First User Experiences and Well-being Effects of the NDSM Wharf Waterfront Transformation in Amsterdam

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Western cities are rapidly densifying, and new building typologies are being
invented to mitigate high-rise and balance residential, commercial and
recreational functions. This vertical urbanization requires rethinking the
traditional design of public space to promote citizens’ well-being. While the scarce studies on high-rise environments indicate several risks, including social fragmentation and privatization of public functions (Henderson-Wilson 2008; Love et al., 2014), mental stress and undermining attention restoration (Mazumder et al., 2020; Lindal & Hartig 2013), evidence on the potential salutary and mitigating effects of architectural design qualities is limited (Suurenbroek & Spanjar 2023).

The Building for Well-being research project combines biometric and social
data-collection techniques to address this gap. It builds on studies investigating
how built environments allow user engagement (Mallgrave 2013; Simpson
2018) and afford important activities (Gibson 1966). This case study focuses
on the experiences of predominant users of the NDSM Wharf in Amsterdam
as it is transformed from a post-industrial site into a high-density, mixeduse
neighborhood. Using eye-tracking, field and laboratory-based surveys, it
explores how residents, passers-by and visitors visually experience, appreciate
and perceive the restorative value of the wharf’s recently developed urban

Thirty-six university students were randomly recruited as test subjects for the
laboratory test and assigned to one of the three user groups. The resident
and passer-by groups were primed for familiarity. Each group was assigned
a distinct walking mode and participants were told to imagine they were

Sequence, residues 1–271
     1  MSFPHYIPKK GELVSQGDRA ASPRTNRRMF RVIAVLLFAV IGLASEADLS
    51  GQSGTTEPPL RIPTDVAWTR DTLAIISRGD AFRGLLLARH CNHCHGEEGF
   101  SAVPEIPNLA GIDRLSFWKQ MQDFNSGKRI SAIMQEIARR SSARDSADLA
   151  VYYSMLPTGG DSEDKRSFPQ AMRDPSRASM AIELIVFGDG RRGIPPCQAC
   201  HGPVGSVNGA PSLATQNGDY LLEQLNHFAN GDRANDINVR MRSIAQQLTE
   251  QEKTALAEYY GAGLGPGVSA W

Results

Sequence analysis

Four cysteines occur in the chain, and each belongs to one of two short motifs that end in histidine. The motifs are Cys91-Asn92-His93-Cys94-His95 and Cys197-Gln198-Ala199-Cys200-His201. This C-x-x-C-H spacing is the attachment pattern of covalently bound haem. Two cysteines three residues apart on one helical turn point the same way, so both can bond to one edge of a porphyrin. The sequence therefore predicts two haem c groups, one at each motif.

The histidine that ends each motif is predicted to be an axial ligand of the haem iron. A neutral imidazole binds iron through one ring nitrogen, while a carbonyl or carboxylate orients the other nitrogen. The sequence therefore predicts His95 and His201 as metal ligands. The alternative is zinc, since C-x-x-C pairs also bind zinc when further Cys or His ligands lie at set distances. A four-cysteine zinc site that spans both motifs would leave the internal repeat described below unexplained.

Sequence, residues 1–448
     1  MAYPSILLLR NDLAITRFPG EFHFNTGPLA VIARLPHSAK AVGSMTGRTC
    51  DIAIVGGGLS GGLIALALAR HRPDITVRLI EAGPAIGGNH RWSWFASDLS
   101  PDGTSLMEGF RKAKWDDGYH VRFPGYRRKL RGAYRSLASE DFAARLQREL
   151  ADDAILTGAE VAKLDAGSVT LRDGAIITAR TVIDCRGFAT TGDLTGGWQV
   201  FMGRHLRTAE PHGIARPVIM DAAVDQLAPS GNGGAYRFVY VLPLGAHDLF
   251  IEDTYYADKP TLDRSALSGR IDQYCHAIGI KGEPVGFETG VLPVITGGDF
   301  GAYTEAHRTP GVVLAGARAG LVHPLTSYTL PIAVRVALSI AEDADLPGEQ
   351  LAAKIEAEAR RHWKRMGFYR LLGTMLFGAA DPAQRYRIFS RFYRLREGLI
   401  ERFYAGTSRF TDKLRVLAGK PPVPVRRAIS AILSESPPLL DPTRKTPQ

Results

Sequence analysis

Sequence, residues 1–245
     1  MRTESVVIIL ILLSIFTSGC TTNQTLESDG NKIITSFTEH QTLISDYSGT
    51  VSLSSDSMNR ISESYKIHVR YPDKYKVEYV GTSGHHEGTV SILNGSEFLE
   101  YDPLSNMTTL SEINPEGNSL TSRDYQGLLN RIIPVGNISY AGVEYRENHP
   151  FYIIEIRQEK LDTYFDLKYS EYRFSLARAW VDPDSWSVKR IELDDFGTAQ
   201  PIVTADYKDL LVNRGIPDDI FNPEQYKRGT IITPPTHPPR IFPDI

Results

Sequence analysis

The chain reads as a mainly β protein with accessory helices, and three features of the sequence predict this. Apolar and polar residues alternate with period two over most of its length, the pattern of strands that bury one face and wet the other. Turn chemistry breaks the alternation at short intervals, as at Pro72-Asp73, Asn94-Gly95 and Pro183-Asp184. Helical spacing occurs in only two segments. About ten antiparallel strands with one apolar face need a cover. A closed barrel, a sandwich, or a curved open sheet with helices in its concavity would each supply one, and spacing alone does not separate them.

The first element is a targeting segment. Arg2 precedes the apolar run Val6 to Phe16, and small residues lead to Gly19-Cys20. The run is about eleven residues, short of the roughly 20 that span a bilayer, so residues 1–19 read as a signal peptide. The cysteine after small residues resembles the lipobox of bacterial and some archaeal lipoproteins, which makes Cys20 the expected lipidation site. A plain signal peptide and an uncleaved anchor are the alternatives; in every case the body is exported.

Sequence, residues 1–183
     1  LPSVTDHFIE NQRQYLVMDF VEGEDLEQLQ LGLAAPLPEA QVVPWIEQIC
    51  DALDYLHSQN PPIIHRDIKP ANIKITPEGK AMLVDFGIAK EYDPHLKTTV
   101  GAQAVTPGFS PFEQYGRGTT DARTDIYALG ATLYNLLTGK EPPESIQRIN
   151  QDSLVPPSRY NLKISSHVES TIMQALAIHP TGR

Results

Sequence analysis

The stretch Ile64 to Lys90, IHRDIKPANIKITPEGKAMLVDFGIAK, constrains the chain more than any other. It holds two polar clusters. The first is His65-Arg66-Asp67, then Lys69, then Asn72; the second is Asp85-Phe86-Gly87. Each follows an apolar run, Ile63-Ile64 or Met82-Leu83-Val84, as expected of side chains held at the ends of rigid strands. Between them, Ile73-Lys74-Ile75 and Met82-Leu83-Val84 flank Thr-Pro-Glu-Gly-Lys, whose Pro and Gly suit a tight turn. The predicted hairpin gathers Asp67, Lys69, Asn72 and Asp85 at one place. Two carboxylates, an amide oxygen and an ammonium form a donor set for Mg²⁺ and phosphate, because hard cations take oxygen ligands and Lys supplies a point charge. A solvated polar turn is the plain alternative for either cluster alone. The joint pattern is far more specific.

strolling (residents), rushing (passers-by) or exploring (visitors). The exposure
time to visual stimuli of participants was five seconds per image. Afterwards,
they reported on the perceived restorative quality of ten urban spaces,
focusing on: (1) sense of being away, (2) level of complexity-compatibility
and (3) fascination, based on an adapted Restorative Components Scale (RCS,
Yin et al. 2022; Laumann et al. 2001). Self-reported appreciation per scene
was measured on a 10-point Likert scale and subjects indicated elements in
the ten urban spaces they liked or disliked (see Figure 1). A semi-structured
on-site survey was also carried out to investigate user experiences further
and for triangulation. Thirty-one users, consisting of residents, passers-by
and visitors to the NDSM Wharf, rated their appreciation of the site and its
perceived restorative and design qualities (following Ewing & Clemente, 2013)
on a 10-point Likert scale.

The meta-data analysis of RCS statistics, appreciation values, eye-tracking
metrics and heatmaps reveals distinct visual patterns among user groups. This
points to the influence of environmental tasks and roles (see Figure 2). Strolling
and exploring resulted in a comprehensive visual exploration of scenes with a
higher mean total fixation count and shorter mean total fixation duration than
goal-oriented walking. It suggests that walking mode determines the level of
openness to the environment and that architectural attributes can also steer
visual exploration. Scenes with the highest appreciation scores correlated
with the RCS outcomes. They displayed coherence and opportunities for
social engagement, contrasting with scenes with inconsistent industrial and
contemporary features. These findings provide spatial designers with insights
into the subliminal experiences of predominant user groups to promote wellbeing in urban transformation.
Original languageEnglish
Number of pages1
Publication statusPublished - 13 Sept 2023
EventAcademy of Neuroscience for Architecture: ANFA 20th Anniversary Conference 2023 - University of California, San Diego, United States
Duration: 13 Sept 202316 Sept 2023


ConferenceAcademy of Neuroscience for Architecture: ANFA 20th Anniversary Conference 2023
Country/TerritoryUnited States
CitySan Diego
Internet address


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